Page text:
When it comes to the world’s three monotheistic religions - Judaism, Christianity, and Islam - Jerusalem is the center of the religious universe.

On the rock on the Temple Mount, Abraham was going to sacrifice Issac.
On the Temple Mount, Jesus was sentenced to crucifixion. 
The Temple Mount was, before the move to Mecca, Islam’s center for prayer and pilgrimage.

The Hebrew’s have lived in and controlled Jerusalem.
The Christian’s have lived in and controlled Jerusalem.
The Muslim’s have lived in and controlled Jerusalem. 

As a pilgrim or visitor make their way in and around the Temple Mount and the Old City, the presence and identity of all three religions are clearly visible.  

Jerusalem Christian Churches
Yesterday I was in the Jerusalem Churches of: Bethpage, Dominus Flevit, Gethsemene, and St.Peter in Gallicantu. And we celebrated the Ash Wednesday Liturgy in the Anglican Cathedral of St.George last night. Tomorrow I will be in the Churches of: The Resurrection and St.Alexander.

Islamic Temple Mount
Today we were on the Islamic Temple Mount. The Israeli’s control access and security on the temple mount. But the Muslim’s alone have the use of the Temple Mount for prayers and community life. There are strict Islamic rules when in their holy place: no bibles, prayer beads or images are allowed on the Mount (and you are scanned at a security check point). Women and men are not allowed to touch each other when on the Mount; and if you do, you are quickly identified and instructed not to. And, when it is time for the Muslims to pray, all non-Muslims are escorted off of the Temple Mount.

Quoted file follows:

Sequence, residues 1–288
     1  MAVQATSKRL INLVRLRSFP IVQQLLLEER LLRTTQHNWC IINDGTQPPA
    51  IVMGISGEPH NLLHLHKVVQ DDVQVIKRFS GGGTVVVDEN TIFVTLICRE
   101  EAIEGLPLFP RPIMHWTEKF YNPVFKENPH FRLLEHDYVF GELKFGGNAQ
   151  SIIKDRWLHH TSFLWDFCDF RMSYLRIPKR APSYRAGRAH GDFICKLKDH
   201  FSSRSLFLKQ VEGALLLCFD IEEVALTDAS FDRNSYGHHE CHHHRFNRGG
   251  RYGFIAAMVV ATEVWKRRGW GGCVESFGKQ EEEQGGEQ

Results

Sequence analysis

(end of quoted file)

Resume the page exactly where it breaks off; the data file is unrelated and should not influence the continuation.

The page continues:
It was a strange feeling being in that holy place. There is definitely something special and holy about it. But with the presence of soldiers, Islamic watch dogs, and the sense of being forced in and forced out, I felt tolerated, but far from welcome. 

Coincidently, as we were leaving today, the city was going through an air raid siren drill! What a place.

Jewish Wailing Wall
After a strong Arab coffee, we made our way to the Jewish Wailing Wall. That was another very interesting experience. 

At the Wailing Wall

Notice the women separated from the men by a fence

First of all, the Wailing Wall is right below the Temple Mount. So when the Muslim’s were entering the Mosque above for their prayers, the Jews were directly below on the outside of the Temple Mount, offering their prayers at the Wailing Wall. 






There was a lot of energy today in that particular Holy Place because of Bar Mitzvah. The place was filled with music and song and celebration as young adolescent boys made their right of passage into manhood. It was wonderful to observe this beautiful Jewish custom. But it was also sad to observe the separation of men and women in the celebration. Women are not allowed in the section of the Wailing Wall where the men gather. So the mothers and grandmothers and sisters of the boys going through Bar Mitzvah had to stand outside their own wall and look on at the men in their celebration. 

On top of the Temple Mount, women and men worship in separate places, and non Muslims are not welcome during the prayer time. Below the temple mount, the separation of Jews and Muslims is made clear: the Muslims on top, the Jews below. And yet another separation of men and women at the Wailing Wall in Jewish custom. 

The Christian principles of freedom and equality for all people - which Jesus’ death and resurrection at Jerusalem inaugurated for all people of every nation and language - has taken christian societies hundred’s of years to work through in our collective consciousness, and is still working itself through when it comes to issues like the equality of women and men.